SPEAKING out where others choose to remain silent is a quality that often leaves many in our midst with labels.
But those who choose to speak out against what is wrong — when everyone else has lost the will to fight — often end up being vindicated for their good fight and standing up for what is right.
Sports Panorama with Enock Muchinjo
The recent dramatic turn of political events in our country, where the odds appeared so insurmountable, has shown that.
It is hard to separate political events in this country from sport, particularly football and cricket — our nation’s two main sporting codes. The latter, in more ways than one, mirrors, at least in the past 14 years, how this country has been run at national level.
Sports administrators, just like politicians and other elected public officials, need to be kept on their toes all the time because they are servants with a mandate to deliver to the public.
With Zimbabwean cricket, in particular, major signs of improvement seem to have taken place in recent times in the manner the game is governed. But that is only what appears on the surface. There is need to scratch the surface to see if this is, indeed, the case.
One man who has never let his guard down in quest for stability and normalcy in Zimbabwean cricket is Patrick Gada. From thousands of miles away in England, where he lives and works, he fires non-stop broadsides against what he deems mismanagement and incompetence in the administration of Zimbabwe Cricket (ZC).
Where the rest of us have chosen the easy way out, deducing that all is now well in Zimbabwean cricket, Gada has continued to bring pressure to bear on those running the game here — hoping that his beloved sport and country will one day reclaim its past glory. The consistent discharge of censure by Gada over administration, facilities, standards, selection and other matters of concern to Zimbabwean cricket do not come from a mere armchair critic.
They come from a man who has played cricket since 1986 when the game was first introduced to him in Highfield at the age of eight, a game that has become his life ever since, a game that has given him a livelihood way better than that of his beloved Caps United heroes of the 1980s, who included his iconic brother-in-law Joel Shambo.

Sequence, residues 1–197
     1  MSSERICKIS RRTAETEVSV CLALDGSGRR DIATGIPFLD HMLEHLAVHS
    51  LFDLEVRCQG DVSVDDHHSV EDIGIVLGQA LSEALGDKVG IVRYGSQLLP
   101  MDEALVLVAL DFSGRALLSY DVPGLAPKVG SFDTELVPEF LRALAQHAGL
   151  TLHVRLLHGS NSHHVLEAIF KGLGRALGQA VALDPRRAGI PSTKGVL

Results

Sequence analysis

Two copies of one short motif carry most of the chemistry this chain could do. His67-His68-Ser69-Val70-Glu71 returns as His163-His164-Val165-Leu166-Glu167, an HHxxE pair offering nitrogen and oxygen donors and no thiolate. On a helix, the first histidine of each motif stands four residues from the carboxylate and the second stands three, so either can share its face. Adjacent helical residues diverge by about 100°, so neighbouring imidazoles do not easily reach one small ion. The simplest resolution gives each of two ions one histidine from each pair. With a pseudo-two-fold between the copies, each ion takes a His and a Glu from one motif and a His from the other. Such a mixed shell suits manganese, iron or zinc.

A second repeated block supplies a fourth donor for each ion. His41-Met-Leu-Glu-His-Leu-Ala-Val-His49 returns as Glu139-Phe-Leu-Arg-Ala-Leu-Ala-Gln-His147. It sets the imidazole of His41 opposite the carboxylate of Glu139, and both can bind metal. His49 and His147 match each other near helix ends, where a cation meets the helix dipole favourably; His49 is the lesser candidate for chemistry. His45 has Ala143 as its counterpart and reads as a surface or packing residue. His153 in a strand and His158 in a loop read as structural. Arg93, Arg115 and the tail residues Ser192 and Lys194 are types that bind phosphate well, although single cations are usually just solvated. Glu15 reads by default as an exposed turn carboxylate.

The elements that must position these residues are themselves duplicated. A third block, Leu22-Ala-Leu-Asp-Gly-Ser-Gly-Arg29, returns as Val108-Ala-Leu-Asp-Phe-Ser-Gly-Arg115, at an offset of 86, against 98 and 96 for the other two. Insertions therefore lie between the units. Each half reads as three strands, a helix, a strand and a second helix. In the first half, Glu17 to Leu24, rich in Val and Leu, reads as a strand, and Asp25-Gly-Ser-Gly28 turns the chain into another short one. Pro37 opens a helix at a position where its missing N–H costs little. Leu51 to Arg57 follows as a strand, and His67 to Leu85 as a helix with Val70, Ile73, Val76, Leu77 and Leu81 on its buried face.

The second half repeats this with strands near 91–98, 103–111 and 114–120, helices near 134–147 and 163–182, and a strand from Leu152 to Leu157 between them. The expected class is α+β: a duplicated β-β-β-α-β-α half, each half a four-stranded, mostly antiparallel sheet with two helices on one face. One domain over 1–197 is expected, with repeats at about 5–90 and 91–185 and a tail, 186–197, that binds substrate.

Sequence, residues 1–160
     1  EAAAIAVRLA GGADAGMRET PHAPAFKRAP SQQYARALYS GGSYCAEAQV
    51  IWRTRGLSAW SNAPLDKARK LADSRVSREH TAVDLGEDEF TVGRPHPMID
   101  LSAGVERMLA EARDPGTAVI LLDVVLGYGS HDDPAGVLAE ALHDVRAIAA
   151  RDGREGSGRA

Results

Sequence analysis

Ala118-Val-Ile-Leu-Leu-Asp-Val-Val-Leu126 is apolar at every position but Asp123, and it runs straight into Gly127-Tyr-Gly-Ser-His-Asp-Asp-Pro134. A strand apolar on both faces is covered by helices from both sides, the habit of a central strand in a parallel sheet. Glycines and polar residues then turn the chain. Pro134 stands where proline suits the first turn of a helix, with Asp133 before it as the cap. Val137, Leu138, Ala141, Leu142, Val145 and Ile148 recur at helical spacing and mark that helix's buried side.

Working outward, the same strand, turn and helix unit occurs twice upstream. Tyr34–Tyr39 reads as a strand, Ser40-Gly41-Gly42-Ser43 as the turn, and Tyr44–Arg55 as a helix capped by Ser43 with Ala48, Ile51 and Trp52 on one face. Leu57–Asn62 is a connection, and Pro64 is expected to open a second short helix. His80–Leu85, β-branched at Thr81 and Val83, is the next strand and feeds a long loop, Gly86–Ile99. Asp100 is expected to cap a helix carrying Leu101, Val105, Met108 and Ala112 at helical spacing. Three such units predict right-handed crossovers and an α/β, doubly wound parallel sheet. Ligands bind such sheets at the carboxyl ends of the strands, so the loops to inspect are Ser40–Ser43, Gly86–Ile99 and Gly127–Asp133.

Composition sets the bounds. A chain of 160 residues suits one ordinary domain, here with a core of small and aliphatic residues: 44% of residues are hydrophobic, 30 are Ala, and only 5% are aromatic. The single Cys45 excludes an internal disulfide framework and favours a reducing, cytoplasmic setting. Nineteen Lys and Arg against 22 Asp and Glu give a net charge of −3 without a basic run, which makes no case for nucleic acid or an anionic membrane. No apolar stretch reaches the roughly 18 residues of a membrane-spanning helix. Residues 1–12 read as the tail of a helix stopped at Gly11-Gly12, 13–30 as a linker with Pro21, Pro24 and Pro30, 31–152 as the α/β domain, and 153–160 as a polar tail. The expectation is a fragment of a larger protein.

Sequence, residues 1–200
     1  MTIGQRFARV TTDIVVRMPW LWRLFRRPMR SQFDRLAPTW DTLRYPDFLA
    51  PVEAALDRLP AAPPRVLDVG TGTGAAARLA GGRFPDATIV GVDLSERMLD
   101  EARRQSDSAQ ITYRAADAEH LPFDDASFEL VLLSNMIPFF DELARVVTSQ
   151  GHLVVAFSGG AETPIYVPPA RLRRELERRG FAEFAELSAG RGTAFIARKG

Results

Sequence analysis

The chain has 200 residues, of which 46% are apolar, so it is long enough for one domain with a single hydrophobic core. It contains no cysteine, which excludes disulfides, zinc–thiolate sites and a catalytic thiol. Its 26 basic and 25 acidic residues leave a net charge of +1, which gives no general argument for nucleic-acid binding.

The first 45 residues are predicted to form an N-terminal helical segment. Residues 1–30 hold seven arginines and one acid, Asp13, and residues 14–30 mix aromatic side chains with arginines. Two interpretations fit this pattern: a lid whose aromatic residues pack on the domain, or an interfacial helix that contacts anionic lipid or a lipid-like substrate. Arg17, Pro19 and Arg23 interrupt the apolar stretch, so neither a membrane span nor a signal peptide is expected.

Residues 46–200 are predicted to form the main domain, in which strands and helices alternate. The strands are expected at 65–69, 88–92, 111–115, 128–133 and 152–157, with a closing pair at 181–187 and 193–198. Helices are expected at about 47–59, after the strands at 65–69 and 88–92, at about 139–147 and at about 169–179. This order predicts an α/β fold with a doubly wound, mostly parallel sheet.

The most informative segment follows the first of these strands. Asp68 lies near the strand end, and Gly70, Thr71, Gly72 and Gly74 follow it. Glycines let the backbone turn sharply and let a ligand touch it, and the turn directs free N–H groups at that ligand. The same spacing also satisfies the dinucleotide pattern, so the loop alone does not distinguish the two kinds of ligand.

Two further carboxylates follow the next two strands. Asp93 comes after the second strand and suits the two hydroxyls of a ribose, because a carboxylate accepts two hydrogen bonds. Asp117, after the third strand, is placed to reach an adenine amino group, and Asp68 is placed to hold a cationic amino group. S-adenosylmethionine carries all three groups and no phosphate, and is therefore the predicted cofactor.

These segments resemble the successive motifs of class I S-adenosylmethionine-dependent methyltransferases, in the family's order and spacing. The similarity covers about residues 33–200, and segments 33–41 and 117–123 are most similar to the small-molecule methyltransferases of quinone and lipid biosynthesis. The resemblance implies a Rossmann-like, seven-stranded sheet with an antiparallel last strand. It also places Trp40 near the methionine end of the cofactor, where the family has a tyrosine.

From Chengu Primary School in Highfield, where Dave Houghton, David Levy and Lazarus Zizhou sowed the seed of cricket in him, the young township boy went on to play at the famous Prince Edward School, then at some of Zimbabwe’s top club sides up to first-class level for a star-studded CFX Academy side.
And then there were playing and coaching opportunities in England, New Zealand, Ireland and the United States, along the way advancing his educational status as well.
He has brushed shoulders and shared experiences with some of the greats of the game in the world. When a man of that kind of experience speaks, instead of burying heads in the sand, it is only wise to stop and listen.
Gada has time and again raised pertinent questions which could easily be dismissed at best as nuisance, but questions that, truthfully speaking, get to the heart of Zimbabwean cricket’s tradition, ethos and more importantly the game’s future.
For example, he has spoken of how the first-class structure is too weak to produce quality international players, even at Under-19 level.
He has spoken about how disturbing that our second-string side, Zimbabwe A, can now be whitewashed 5-0 in a series by minnows United Arab Emirates (who finished seventh in the IC Championship and relegated to play the likes of Kenya, Namibia, Oman, Canada and Nepal).
He has pointed out to the glaring neglect of the grassroots of the game and facilities throughout the country.
Also, he has questioned the wisdom of spending money on an academy based in the UK, for an organisation in such financial woes.
In denouncing the situation obtaining here, Gada has had no sacred cows. He had questioned why his good old friend, Zimbabwe’s head selector Tatenda Taibu, spends a huge chunk of his time in England when he should be on the ground here more often.
Recently, a week before Zimbabwe plunged into battle with South Africa in the historic day-night Test in Port Elizabeth, Gada questioned why Zimbabwe had accepted to go into that contest when the country does not have a single ground with floodlights and when it was so clear the team would struggle in those conditions.
The humiliating innings and 120-run defeat inside two days did not surprise him at all — he saw it coming.
Gada voluntarily came back to Zimbabwe around 2004-05 with a burning passion to serve a game and country he so loves. But he was fired as a player-coach for Manicaland in 2004 by people at ZC who knew nothing about the game, on trumped-up charges of trying to incite players to boycott a game, despite being found not guilty by a disciplinary committee.
Jobless and blacklisted by a clueless administration, he had no choice but to pack his bags and head back overseas, where he is more appreciated than in his own country.
He will return one day, but for now, where men of less courage keep quiet, Gada will continue to speak out from miles away if need be.